China ~ Emperor’s Yellow Organic Yellow Tea | Yunnan Sourcing

Today I’ll be reviewing an interesting yellow tea from Yunnan Province in China.



Hello all! I am finally back again with more tea to taste. My life has been significantly hectic lately so I apologize for being very, very MIA.

Today’s tea is very interesting – it’s a yellow tea from Yunnan Province! This tea is certified organic and was grown in the Simao District of Pu’er Prefecture, right on the southern slope of Ma Wei Mountain.

It’s produced similarly to a black tea, however the sun-withering and oxidation stages are reduced. That makes this tea more like a Korean yellow tea, which is really just a lightly oxidized black tea.

So, without further ado, on to the tasting!


From the looks of it, this tea is exclusively buds. The dry leaves smell kind of like a cross between a green tea and a lightly oxidized black tea. It has the floral, fruity notes of a lightly oxidized black with the intense, toasted nuttiness of a Chinese green. There’s a little bit of a savory, slightly yeasty smell almost which makes it smell a little bit like crackers.


The wet leaves smell toasted like the dry leaves but instead the dominant scent is a floral scent of a lightly oxidized black tea.

The tea itself has a strong, roasted nut scent and lacks the floral, honeyed notes of the dry leaves. The roasted scent coupled with the nuts once again smells a lot like toasted crackers or something of that nature.

The first steep begins with a punch of roasted nuttiness and the savory notes of buttered vegetables. As far as vegetables go, I got some asparagus notes as well as Brussels sprouts. Aside from roasted flavors there is a light, gentle, floral sweetness; a bit like wildflower honey but not nearly as intense as the honey notes that would be in a full-fledged black tea. Further steeps lessen those harsher, roasted notes (however they still remain present) and bring out more of the floral nature of the tea, as the flavor profile slowly comes closer to a black tea.

Overall, this tea was very interesting. It’s a new take on lightly-oxidized blacks, and I think that it is definitely worth trying if you’re looking for something unusual to add to your tea collection. I’m definitely inspired to go seek out more yellow teas as well since they are so mysterious and I would love to try more.

Rating: 9/10
From: Yunnan Sourcing
Ma Wei Mountain, Simao District, Pu’er Prefecture, Yunnan Province, China


China ~ Anhui Huoshan Huangya Yellow Tea | What-Cha

Today I’ll be reviewing a Huoshan Huangya yellow tea from China’s Anhui province.


Hello! Today I have another day off because of the snow (unusual for March, but hey at least my pollen allergies are delayed) so I shall review some tea.

Today’s tea is a yellow tea from Anhui Province of China and it is actually the first Chinese tea I’ve reviewed on this blog.

Now I must admit that I’ve never had yellow tea before (I used to think I did, but it turns out that what I thought was a yellow tea was actually fake).

Yellow tea is quite rare and unusual, as it only accounts for less than 1% of China’s total tea production. I’ve read that it was a favorite of Chinese emperors, however the method of making it was lost and only rediscovered sometime in the 1970s.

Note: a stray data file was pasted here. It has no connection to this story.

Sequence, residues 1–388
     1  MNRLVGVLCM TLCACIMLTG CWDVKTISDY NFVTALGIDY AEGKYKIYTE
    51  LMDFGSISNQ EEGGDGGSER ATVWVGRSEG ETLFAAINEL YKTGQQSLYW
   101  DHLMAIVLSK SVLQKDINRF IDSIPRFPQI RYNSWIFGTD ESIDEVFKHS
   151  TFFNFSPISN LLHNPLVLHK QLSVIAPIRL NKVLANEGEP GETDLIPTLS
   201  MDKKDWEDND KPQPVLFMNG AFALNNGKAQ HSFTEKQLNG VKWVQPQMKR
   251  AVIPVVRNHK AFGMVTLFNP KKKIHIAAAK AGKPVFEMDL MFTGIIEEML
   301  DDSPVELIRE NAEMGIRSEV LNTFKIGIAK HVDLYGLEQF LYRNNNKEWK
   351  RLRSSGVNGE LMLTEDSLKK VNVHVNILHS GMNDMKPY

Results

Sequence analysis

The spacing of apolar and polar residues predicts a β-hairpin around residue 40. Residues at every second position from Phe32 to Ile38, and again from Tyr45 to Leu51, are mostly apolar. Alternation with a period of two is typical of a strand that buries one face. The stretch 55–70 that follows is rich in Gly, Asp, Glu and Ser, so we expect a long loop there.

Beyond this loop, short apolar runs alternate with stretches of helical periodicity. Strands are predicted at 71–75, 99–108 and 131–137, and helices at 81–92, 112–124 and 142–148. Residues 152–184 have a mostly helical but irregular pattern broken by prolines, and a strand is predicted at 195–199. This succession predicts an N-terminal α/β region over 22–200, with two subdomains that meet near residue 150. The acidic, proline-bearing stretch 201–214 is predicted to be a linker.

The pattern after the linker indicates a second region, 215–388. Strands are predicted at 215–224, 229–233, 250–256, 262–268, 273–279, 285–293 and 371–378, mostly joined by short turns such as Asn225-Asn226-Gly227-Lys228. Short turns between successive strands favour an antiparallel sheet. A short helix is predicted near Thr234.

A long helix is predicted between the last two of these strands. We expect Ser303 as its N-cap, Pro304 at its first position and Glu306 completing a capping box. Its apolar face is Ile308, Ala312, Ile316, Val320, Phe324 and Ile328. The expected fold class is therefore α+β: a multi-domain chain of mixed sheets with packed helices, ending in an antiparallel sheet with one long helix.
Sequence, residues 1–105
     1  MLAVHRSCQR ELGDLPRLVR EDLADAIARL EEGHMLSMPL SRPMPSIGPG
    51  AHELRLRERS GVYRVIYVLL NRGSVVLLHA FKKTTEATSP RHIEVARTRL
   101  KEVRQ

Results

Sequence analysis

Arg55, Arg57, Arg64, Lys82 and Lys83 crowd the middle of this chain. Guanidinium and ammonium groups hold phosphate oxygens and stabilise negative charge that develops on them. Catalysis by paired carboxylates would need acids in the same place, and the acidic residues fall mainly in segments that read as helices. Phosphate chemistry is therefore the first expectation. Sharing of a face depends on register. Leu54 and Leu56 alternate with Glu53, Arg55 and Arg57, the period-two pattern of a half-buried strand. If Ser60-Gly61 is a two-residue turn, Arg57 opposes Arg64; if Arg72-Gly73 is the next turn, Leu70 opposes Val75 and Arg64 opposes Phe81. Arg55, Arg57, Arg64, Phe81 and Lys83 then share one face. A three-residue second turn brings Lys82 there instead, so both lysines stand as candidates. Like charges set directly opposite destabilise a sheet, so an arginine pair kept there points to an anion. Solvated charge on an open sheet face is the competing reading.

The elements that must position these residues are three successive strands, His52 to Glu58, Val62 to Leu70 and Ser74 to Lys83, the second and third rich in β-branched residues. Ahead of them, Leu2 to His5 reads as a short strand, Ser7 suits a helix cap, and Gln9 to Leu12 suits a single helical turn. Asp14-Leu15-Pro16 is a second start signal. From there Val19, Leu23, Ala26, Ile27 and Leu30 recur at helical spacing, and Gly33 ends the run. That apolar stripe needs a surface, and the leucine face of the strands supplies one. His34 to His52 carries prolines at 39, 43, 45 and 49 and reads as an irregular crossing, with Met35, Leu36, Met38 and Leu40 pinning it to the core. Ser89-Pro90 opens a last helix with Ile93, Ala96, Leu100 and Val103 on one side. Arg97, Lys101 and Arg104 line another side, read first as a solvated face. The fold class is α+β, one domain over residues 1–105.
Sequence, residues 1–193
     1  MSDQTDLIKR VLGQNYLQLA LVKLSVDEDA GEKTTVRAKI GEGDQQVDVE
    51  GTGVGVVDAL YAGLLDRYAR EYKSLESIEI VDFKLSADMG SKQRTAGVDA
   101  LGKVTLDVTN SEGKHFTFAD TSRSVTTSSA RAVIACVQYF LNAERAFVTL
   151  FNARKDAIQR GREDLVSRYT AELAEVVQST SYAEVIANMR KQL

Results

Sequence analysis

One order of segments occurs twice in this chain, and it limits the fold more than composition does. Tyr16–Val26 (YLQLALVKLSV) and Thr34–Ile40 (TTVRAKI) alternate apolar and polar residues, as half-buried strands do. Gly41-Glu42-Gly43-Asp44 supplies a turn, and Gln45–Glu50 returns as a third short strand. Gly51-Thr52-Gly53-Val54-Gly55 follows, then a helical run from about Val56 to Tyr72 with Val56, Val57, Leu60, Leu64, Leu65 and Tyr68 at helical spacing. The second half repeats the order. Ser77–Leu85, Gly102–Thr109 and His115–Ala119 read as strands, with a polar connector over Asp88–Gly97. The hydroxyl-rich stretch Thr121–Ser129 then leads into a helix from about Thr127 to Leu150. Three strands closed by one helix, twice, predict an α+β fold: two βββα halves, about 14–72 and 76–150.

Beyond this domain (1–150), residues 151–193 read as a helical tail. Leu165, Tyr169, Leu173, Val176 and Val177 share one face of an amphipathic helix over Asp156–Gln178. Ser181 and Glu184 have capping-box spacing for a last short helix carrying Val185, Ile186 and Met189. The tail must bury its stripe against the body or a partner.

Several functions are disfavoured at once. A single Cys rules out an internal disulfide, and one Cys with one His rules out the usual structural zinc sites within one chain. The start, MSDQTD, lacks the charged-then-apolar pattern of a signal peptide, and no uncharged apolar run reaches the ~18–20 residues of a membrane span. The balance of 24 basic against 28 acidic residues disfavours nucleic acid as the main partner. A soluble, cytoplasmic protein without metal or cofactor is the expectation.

Yellow tea is traditionally cultivated in Anhui and Hunan Provinces, however there are several yellow teas made in Sichuan and Henan.

In order to make yellow tea, the leaves are first withered in the sun, then pan-fried like a green tea, and then steamed, heaped, and finally dried to eliminate any further oxidation.

The most famous/rare yellow tea is Junshan Yinzhen, a yellow tea that is traditionally produced from tea leaves growing on Junshan Island, a less than 1 km-wide island located in Dongting Lake in Hunan Province. True Junshan Yinzhen can go for hundreds, if not thousands of dollars.

This tea is an Anhui yellow tea called Huoshan Huangya, and it originates from Bai Ma Jiang Peak in the Da Bie Shan Mountains of Anhui Province’s Huoshan County. This tea was traditionally given as tribute to the emperors of the Ming dynasty.

I purchased 100g of this tea from What-Cha as I wanted to include a yellow tea in my collection, and I steeped it at 167 degrees F for 80 seconds for the first steep, and at 170 degrees F for 80 seconds for the second steep.


The dry leaves smell nutty and grassy but almost in a dry, crisp way. There are slight hints of vegetables and a detectable smoky note.


The wet leaves smell very strongly of a nutty scent akin to Chinese green teas (ex. Long Jing). There is a slight smoky note along with a vegetal, asparagus scent that is almost savory and umami in its nature.

The tea smells very light compared to the leaves, however the scent is detectable and it’s a lot like the wet leaves. I was actually a little worried that I didn’t steep it long enough since the liquor smelled so light however I knew I was fine when I tasted it.

The tea is very smooth and has an almost milky, creamy mouthfeel. The first taste is a sweet, nutty note that I find is very common in Chinese green teas. Next notes of smokiness and cooked vegetables come through as it ends on a slightly savory, buttery flavor. A second steep brings out the nutty, vegetal, and buttery flavors even more and it becomes even more similar to a green tea in its flavor.

Overall, this tea is fantastic. It has all the characteristics I would look for in a Chinese yellow/green: light flavor, smooth mouthfeel, and no astringency at all. After coming into this as a yellow tea virgin, I am pleased to say that I will be looking to try more yellow teas because this one was one of the best Chinese teas I’ve ever had.

Rating: 10/10
From: What-Cha
Bai Ma Jiang Peak, Da Bie Shan Mountains, Huoshan County, Anhui Province, China